Sorting the myriad options for adhesive-based and adhesiveless foils.
QUESTION: I AM designing my flex stack-up and am curious what base foil to use. There are several options with and without adhesive. Which is correct for my application?
Before we can select a base material, we have to review the end-application and the performance requirements of the finished flex-circuit to find the best material fit. Our decision should be based on desired electrical and mechanical attributes first, and as always, an eye toward finished cost.
Base foils come in two basic types: adhesive and adhesiveless. With so many options available, it can be confusing as to which is right for your application.
Adhesives also come in several different material types, but for the purpose of this discussion we will ignore these differences and look at how the two substrate types directly impact the final product, both in electrical/mechanical performance and the bottom line.
One design tenet bears repeating: what is good for a flex-circuit mechanically is bad for it electrically. And, of course, what benefits electrical performance will have a negative impact on mechanical performance. Let’s start with a review of adhesivebased foils with these two attributes in mind.
It does not seem that long ago when the only materials available were adhesive-based clad versions. Generally there are fewer steps and complexity involved in the production of adhesivebased materials; therefore, they are typically priced lower than a comparable adhesiveless product of the same thickness. The adhesive is also typically less expensive than polyimide, further reducing the cost for a given thickness.
We highly recommend adhesive-based foils where lower cost and final circuit forming aredesired. In forming, the adhesive permits a little bit more “give” than the same thickness of polyimide due to its greater elasticity. This in turn permits forming to a smaller radius without undue stresses. Higher polyimide content within the flex stack-up tends to resist a form, as the polyimide has significantly greater tensile strength compared to common adhesives. FIGURE 1 represents a typical adhesive-based substrate cross-section. Suitable for a wide variety of applications, its main weakness is a relatively lower dielectric constant of the adhesives when compared to a pure polyimide. This makes it less desirable for impedance control applications. Forming and flexibility properties are ideal for most needs.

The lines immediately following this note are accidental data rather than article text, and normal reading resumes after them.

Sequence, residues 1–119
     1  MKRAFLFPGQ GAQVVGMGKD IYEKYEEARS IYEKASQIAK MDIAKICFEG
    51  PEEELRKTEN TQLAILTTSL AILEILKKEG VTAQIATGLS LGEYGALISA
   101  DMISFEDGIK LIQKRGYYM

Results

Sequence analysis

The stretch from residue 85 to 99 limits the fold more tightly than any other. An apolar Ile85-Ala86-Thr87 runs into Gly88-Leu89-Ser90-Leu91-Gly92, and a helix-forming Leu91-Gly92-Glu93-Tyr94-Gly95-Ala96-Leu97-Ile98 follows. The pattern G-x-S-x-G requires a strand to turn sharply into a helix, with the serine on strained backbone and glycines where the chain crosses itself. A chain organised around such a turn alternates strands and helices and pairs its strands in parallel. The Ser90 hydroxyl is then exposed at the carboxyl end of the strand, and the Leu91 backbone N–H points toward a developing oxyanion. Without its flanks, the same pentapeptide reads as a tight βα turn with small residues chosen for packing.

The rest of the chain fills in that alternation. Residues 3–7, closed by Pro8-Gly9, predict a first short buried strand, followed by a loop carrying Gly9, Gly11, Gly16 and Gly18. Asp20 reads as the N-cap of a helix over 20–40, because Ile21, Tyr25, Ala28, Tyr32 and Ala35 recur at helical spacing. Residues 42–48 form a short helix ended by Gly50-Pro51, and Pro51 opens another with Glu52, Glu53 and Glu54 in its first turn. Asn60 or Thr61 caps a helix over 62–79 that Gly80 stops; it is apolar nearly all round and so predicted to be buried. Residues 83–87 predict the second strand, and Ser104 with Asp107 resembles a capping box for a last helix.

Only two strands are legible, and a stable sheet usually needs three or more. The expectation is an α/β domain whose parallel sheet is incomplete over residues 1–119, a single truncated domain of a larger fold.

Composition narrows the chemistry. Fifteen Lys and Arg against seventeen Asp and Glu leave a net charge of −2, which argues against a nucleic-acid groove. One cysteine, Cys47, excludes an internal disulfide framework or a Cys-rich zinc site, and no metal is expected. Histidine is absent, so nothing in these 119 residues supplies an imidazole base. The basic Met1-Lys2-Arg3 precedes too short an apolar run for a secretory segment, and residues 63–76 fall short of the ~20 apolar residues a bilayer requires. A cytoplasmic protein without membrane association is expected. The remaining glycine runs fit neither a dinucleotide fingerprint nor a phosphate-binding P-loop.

A recent development is the availability of base materials with thinner adhesives; these too can help contain costs, as less material often makes for a lower
price. We have seen no reduction in peel strength when using a thinner adhesive (within the base laminate, not cover layers). Thinner adhesives can also permit greater flexibility for high cycle applications.
FIGURE 2 shows a common adhesiveless construction. The term “adhesiveless” is a bit of a misnomer. In the case of most common adhesiveless materials, the polyimide core is made of three distinct layers, an inner-cured polyimide core and two outerlayers of B-stage polyimide. These are then laid up with copper “cap” layers and laminated together. The distinct layers that result can sometimes be seen under high-magnification crosssections. In the case of extremely thin polyimidedielectrics the polyimide may be cast directly to the copper layer.
Generally, all-polyimide substrates are more expensive than their adhesive-based counterparts. The big advantage to an adhesiveless construction is its superior dielectric constant when compared to adhesivebased systems. This does, however, come at a cost, both financial and in elasticity. An “all-polyimide” substrate will always be stiffer, making forming difficult. The thicker the polyimide, the more resistant to forming it will become. If too much polyimide is used in the stack-up, there may be a need to use heat-forming to reach the desired final architecture. As we increase the amount of polyimide in the stack-up the price increases as well; the relationship is not always linear. Commonly available thicknesses usually come in 25μm increments, with a maximum of 125μm from most manufacturers.
When calling out any base materials on a drawing, it is highly recommended to use their IPC-4202 designations. These codes spell out exactly what material type and thicknesses are required. Avoiding calling out of any brand names will also give a supplier greater latitude in finding cost-saving options. Remember, calling out IPC requirements ensures the materials are manufactured to a high set of standards. Adding the stack-up view to all mechanical drawings is an excellent way to assure you and your manufacturers know exactly what is needed. Isometric drawings are also important, as they provide critical input to the flex designer on what materials may work best.
While there is a difference in materials, early consultation between your design engineers and the flexcircuit manufacturer will ensure you get exactly what is required for both performance and cost.